The aorta is the largest artery in the body, which carries blood from the heart and extends down through the abdomen. The aortic valve is present between the aorta and the lower chamber of the heart on the left side. It opens up to allow blood flow out of the heart and then closes to prevent backward flow of the blood into the heart.
Aortic valve diseases include aortic valve regurgitation (aortic valve does not close properly, resulting in back flow of blood into the heart) and aortic stenosis (narrowing of the aortic valve, which results in restriction of blood flow). The aortic valve defect may be present at birth or can be acquired at a later stage in life. Acquired aortic valve diseases occur because of structural changes in the valve which can be caused by rheumatic fever, infectious endocarditis, and aortic valve degeneration. Other causes include hypertension, tumors, radiation exposure, heart attack and connective tissue disorders.
The early symptoms of aortic valve diseases include fatigue, swelling of ankles, palpitation (irregular heartbeat), fainting, weakness, chest pain, and shortness of breath.
Aortic surgery is done to repair the enlarged aorta (aortic aneurysm), the aortic valve, the holes in aortic valves and to replace the aortic valves.
Aortic valve repair – It is done to treat leaking valves. Bicuspid aortic valve is repaired by reshaping the leaflets of the aortic valve such that the valve opens and closes completely.
Aortic aneurysm – Aortic aneurysm is the enlarged portion of the ascending region of the aorta. If the aorta is enlarged by 4 or 5 cm in diameter, it is replaced at the time of aortic valve repair.
Repair of tears of valve or holes – The surgeon sews the tears or holes on the valve leaflets with tissue patches.
Aortic valve replacement – Your surgeon removes the damaged aortic valve and replaces it with either mechanical (plastic, carbon, or metal), biological valve (from animal tissues), or human donated valve.
Minimal invasive surgery involves using endovascular techniques to place stent grafts within the aortic lumen to divert blood flow.
Several techniques that are used in minimal invasive surgery or keyhole surgery are laparoscopy, endoscopy, percutaneous surgery, or robot-assisted surgery.
In the endoscopic technique, the surgeon makes incisions in the chest and inserts a special instrument, the endoscope, through one of the incisions. This instrument has a camera attached to one end and the other end is connected to a large screen that helps to view the surgery better, and creates space for the surgeon to work. In robot-assisted surgery, your surgeon makes an incision on the chest and uses a computer to control the surgery with the help of 3D images.
In the minimal invasive surgery, your surgeon will make a few incisions on your sternum (breast bone) region in the chest. Through one of the incision, a special instrument is inserted. Through other incisions, surgical instruments are inserted and the diseased valve is removed, repaired, or replaced with the new valves.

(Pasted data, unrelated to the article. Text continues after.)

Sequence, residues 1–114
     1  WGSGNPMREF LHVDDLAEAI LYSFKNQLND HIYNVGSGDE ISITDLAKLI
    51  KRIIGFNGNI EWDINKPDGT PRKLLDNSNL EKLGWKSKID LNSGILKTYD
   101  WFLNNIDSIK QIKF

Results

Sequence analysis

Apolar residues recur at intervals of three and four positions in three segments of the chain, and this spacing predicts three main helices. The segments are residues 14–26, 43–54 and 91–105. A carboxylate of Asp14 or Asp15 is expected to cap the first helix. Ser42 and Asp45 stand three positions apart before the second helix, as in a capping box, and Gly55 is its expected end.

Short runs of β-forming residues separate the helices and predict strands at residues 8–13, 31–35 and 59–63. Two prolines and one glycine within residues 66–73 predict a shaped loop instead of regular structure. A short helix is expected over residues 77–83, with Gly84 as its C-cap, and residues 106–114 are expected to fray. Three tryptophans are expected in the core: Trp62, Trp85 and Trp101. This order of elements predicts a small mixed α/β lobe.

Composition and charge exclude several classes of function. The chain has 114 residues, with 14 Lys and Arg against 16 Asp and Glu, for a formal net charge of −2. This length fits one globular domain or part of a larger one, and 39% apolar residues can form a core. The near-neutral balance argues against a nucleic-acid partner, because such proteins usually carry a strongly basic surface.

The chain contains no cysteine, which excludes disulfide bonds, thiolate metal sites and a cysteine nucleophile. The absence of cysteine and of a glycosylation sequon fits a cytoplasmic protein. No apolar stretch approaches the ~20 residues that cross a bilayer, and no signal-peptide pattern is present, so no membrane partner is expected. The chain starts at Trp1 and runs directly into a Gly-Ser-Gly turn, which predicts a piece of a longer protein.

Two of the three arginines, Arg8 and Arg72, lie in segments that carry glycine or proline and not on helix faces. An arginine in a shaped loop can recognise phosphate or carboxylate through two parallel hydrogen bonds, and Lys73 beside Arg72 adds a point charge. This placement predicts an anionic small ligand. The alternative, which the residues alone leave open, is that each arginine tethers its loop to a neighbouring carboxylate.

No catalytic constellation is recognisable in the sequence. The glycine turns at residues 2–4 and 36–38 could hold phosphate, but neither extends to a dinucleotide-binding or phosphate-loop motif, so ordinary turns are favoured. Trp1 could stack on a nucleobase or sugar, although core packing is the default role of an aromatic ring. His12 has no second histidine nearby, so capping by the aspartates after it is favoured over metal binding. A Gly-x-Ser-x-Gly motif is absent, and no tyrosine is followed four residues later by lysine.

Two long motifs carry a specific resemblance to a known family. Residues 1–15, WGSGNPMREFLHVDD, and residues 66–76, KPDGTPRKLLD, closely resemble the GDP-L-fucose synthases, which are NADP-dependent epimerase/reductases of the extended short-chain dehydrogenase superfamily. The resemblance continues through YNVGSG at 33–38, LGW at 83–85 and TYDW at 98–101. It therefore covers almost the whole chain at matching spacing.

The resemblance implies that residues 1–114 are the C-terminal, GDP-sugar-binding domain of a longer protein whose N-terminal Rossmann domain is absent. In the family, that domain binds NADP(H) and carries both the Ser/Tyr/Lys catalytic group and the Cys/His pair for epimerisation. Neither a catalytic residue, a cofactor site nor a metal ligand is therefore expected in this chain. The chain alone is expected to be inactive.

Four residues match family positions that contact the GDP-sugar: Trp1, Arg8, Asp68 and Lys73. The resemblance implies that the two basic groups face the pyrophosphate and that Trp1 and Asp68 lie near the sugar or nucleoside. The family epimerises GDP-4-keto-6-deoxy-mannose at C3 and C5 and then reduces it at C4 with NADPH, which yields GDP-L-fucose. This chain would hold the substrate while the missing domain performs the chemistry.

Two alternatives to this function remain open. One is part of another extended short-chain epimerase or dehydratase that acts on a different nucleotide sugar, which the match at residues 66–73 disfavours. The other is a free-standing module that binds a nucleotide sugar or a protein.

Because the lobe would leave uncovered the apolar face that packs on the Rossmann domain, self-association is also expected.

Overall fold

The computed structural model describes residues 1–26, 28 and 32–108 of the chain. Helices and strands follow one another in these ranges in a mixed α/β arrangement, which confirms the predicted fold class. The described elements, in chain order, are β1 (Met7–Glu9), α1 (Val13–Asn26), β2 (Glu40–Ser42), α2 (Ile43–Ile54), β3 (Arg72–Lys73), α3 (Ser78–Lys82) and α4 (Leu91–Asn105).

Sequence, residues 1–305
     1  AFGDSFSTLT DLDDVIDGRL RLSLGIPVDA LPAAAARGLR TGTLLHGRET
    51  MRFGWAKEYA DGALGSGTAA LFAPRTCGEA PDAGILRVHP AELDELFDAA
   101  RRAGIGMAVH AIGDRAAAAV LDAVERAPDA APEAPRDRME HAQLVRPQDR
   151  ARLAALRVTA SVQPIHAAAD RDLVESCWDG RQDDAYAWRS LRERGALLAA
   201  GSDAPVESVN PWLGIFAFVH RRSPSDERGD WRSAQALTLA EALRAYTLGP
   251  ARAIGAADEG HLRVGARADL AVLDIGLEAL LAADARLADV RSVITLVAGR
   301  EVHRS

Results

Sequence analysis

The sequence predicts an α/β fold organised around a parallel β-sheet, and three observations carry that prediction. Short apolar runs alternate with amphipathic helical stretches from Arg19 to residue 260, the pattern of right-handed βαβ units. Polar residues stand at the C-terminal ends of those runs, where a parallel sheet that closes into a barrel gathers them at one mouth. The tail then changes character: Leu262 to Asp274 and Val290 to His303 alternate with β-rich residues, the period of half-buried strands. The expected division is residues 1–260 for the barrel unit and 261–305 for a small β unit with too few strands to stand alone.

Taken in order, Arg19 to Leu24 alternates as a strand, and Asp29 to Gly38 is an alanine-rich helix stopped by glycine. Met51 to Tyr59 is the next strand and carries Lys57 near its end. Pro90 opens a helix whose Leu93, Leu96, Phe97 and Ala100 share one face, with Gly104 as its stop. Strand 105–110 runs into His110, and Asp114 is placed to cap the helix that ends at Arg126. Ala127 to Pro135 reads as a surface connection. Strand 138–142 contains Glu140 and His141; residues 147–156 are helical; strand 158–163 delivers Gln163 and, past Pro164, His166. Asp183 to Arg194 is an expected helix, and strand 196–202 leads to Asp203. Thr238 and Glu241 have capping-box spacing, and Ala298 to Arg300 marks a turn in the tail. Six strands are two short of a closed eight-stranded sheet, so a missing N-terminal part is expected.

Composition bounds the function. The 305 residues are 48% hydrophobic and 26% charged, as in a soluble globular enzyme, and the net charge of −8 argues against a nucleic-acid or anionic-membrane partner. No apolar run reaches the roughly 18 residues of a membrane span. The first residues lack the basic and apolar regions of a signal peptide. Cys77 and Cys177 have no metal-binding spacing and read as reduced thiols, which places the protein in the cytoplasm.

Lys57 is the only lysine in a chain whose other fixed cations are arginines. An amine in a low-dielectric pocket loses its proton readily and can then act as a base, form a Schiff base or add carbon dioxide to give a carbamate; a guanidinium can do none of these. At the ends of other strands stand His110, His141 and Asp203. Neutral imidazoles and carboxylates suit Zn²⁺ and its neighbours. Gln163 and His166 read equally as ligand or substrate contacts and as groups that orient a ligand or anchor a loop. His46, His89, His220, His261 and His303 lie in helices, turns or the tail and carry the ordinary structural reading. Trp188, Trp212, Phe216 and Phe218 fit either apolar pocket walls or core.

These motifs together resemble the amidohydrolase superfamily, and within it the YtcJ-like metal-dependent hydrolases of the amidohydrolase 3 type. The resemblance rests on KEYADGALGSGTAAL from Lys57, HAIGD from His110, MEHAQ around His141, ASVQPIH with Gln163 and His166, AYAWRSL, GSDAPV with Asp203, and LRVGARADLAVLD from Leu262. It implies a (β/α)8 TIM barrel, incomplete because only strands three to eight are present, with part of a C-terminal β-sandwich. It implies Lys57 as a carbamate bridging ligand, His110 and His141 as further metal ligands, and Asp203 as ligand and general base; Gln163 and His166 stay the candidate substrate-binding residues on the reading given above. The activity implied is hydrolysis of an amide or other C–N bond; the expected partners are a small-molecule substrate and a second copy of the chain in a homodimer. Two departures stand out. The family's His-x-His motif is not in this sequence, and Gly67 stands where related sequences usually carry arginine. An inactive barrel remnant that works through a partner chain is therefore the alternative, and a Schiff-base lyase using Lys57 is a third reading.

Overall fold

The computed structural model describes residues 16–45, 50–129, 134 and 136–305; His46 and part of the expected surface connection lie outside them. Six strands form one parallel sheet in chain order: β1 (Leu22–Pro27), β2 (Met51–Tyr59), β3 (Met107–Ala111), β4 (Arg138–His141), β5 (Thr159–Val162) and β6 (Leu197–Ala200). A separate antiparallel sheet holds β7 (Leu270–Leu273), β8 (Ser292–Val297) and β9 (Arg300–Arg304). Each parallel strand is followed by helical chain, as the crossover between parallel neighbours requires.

Some of the risks associated with minimal invasive surgery are bleeding, blood clotting, breathing problems, and infection to the lungs, kidney, and chest or heart valves. Some other risks associated with surgery are damage to the nearby organs, nerves, or bones, heart attack, irregular heartbeat, and infection of the new valve.
Minimally invasive surgery has certain advantages over open surgery which are as follows:
Faster recovery because of smaller incisions
Minimal blood loss during the surgery
Length of the hospital stay is minimal (1 or 2 days)
Duration of the surgery is comparatively less than open surgery
Less pain, less scars, and less risk of wound infection
Aortic aneurysm is a condition characterized by an abnormal ballooning or bulging of a section of the aorta due to weakness in the wall of the blood vessel. The aorta is the main blood vessel that carries oxygenated blood from the heart to the different parts of the body. An aneurysm can develop anywhere along the course of the aorta.
Aneurysms that occur in the section of the aorta that passes through the abdomen are called abdominal aneurysms.
Aneurysms that occur in the part of the aorta that passes through the chest are called thoracic aortic aneurysms.
Most patients with aortic aneurysm do not have any symptoms. Usually, when the aneurysm enlarges, it causes chest or back pain, palpitations, fatigue, dizziness or shortness of breath.
Surgical aneurysm repair is usually recommended if conservative measures fail to relieve the symptoms of aortic aneurysm or there is a risk of rupture due to the large size of the aneurysm.
During aortic aneurysm surgery, the aneurysm is exposed through dissection of the chest. A heart-lung machine is connected to the patient's body to maintain blood circulation during the surgery. At the same time clamps are placed on the aorta, above and below the aneurysm, and the damaged portion of the aorta is removed and is replaced with a synthetic tube or graft. Permanent wire sutures are used to join the breast bone or the sternum, which was dissected to approach the aorta. The skin and muscle is closed with dissolving sutures.
Stent graft procedure may be used to repair an aortic aneurysm in patients at high risk from surgery. During the procedure, a stent graft is placed inside the diseased portion of the aorta to help protect the aneurysm from rupturing.
After the surgical repair of the aneurysm, patients are advised certain lifestyle changes, such as abstinence from smoking, avoid heavy lifting, and blood pressure control, to improve their condition.